Problem gaming

The report is more concerned with problem gambling.

“Given the recent adoption of online gaming, it will be critical to require any legalization effort to include requirements for the study of any associated problem gaming,” the report says.

However, it also points out “online gaming provides an environment that can be completely controlled from the perspective of setting funding, betting and time limits on any associated play.”

It also argues the ability to collect data will “be invaluable to researchers on problem gaming to the extent it was made available.”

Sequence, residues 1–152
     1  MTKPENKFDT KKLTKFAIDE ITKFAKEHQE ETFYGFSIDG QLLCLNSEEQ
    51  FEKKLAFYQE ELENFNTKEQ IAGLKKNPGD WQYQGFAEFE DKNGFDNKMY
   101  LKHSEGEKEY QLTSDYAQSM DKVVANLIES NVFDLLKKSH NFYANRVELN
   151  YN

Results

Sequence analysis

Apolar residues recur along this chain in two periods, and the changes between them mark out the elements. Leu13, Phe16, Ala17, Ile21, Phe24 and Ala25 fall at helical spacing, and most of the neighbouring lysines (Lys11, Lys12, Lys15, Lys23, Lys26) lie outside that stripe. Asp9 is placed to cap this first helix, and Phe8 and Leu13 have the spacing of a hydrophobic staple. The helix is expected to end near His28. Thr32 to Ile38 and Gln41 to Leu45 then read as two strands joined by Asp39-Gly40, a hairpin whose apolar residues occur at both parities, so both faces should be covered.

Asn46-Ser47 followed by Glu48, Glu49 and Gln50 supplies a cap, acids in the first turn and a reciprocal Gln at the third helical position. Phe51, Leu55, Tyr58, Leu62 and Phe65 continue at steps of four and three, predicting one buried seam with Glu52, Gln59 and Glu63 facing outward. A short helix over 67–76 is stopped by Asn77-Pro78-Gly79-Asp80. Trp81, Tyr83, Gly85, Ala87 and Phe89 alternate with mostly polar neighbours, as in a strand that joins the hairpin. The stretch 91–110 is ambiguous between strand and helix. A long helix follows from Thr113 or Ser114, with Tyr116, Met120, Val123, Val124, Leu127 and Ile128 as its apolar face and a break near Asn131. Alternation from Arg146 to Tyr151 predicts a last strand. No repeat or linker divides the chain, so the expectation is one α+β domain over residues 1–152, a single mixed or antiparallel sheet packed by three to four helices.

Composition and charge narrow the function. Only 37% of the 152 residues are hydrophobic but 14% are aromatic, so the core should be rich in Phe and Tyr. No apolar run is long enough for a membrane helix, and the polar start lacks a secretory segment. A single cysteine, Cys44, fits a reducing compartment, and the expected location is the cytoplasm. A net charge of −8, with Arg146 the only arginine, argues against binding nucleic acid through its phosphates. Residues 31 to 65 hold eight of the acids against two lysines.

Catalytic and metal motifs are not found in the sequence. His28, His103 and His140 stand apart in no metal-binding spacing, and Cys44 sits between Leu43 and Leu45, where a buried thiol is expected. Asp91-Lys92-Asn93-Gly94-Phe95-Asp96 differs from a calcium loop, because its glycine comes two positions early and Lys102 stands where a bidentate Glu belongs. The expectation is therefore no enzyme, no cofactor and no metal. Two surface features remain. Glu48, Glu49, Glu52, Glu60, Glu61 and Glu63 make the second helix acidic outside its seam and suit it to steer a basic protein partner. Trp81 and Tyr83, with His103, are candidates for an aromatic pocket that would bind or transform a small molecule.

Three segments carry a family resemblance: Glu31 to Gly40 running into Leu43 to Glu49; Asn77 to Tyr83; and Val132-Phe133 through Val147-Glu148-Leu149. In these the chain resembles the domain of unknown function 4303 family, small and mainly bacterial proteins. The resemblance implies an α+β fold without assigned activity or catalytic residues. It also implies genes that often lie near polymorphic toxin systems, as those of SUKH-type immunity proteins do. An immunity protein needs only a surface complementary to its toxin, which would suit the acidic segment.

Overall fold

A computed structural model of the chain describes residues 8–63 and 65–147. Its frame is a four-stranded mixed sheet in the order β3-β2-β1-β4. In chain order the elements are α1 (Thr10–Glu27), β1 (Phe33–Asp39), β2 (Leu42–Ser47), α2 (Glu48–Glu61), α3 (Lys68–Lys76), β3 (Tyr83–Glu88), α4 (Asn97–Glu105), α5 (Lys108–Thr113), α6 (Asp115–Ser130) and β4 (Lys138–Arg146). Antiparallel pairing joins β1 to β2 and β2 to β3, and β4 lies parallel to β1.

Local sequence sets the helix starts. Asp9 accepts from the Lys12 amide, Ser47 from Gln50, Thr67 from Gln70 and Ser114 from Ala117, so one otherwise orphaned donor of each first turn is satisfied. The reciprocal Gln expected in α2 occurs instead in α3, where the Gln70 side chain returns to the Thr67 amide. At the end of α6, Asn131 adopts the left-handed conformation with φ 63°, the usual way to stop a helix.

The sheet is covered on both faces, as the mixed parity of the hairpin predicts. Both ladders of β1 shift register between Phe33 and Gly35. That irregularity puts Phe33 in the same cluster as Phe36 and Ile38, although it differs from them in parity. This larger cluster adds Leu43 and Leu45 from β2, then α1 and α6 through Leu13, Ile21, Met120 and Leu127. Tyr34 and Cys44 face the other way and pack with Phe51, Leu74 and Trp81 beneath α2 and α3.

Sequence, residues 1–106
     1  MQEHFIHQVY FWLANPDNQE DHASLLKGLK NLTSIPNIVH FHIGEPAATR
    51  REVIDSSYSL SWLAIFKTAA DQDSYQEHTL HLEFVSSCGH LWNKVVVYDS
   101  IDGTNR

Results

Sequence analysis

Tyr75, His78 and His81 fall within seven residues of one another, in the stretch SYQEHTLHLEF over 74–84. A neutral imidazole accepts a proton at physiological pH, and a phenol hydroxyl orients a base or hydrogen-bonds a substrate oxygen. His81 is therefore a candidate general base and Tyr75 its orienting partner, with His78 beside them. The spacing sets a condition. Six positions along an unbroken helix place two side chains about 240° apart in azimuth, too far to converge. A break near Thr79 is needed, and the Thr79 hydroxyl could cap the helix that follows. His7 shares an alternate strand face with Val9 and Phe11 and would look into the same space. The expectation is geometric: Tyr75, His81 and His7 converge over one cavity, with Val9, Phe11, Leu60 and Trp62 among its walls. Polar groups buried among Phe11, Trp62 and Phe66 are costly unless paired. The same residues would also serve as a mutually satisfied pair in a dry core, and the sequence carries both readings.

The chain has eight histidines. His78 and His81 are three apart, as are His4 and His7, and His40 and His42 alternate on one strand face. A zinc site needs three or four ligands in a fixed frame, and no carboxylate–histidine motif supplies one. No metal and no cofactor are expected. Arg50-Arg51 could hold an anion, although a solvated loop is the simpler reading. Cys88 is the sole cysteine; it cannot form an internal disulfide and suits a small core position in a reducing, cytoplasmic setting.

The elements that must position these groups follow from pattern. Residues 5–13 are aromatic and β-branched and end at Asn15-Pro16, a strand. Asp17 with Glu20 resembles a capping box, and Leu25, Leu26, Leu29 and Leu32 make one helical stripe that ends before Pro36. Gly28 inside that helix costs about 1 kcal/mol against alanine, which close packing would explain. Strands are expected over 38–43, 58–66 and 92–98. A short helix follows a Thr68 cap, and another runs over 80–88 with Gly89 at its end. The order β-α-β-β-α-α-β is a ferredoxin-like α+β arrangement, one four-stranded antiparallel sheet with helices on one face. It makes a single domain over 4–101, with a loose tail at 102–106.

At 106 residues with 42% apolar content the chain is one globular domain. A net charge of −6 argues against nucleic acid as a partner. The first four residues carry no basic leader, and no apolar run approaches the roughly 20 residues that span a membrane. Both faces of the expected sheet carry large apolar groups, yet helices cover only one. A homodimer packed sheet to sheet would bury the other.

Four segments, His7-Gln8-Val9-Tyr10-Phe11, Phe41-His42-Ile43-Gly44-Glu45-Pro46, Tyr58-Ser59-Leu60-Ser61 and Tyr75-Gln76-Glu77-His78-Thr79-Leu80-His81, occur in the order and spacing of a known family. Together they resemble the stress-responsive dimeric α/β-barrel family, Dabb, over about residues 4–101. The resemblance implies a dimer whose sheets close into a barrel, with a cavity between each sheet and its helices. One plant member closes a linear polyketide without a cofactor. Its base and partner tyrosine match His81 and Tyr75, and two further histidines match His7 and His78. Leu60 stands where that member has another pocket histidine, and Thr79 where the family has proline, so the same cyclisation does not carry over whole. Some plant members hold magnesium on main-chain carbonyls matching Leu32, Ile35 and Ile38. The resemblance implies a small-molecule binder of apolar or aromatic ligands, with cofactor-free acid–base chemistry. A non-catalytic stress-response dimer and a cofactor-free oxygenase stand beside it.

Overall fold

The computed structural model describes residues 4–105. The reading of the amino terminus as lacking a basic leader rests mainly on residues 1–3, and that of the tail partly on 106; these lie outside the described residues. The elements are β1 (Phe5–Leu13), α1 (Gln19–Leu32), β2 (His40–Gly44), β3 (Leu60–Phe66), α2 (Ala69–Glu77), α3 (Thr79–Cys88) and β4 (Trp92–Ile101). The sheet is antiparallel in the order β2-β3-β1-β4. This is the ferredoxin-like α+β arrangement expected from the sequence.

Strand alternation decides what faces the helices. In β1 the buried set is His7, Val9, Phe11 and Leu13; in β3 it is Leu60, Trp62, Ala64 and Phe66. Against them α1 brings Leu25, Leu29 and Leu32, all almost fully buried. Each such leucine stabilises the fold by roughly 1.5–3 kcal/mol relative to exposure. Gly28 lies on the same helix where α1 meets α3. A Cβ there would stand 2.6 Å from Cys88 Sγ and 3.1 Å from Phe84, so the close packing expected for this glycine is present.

Cannibalization of existing games

“Another argument that has been raised against the legalization of online gaming is that doing so will result in the cannibalization of casino profits,” the report says. “Online gaming does not appear to cannibalize offline gaming.”

The report goes on to cite copious research (here, here, and here) as well as the firsthand experiences of casinos in New Jersey to set the record straight.

Steve Ruddock

About

Steve Ruddock is a veteran of the poker media, contributing to offline and online publications centered on the regulated US online gambling industry. These include OnlinePokerReport.com, PlayNJ.com, USPoker.com as well as USA Today. Steve is based in Massachusetts and is also a poker player.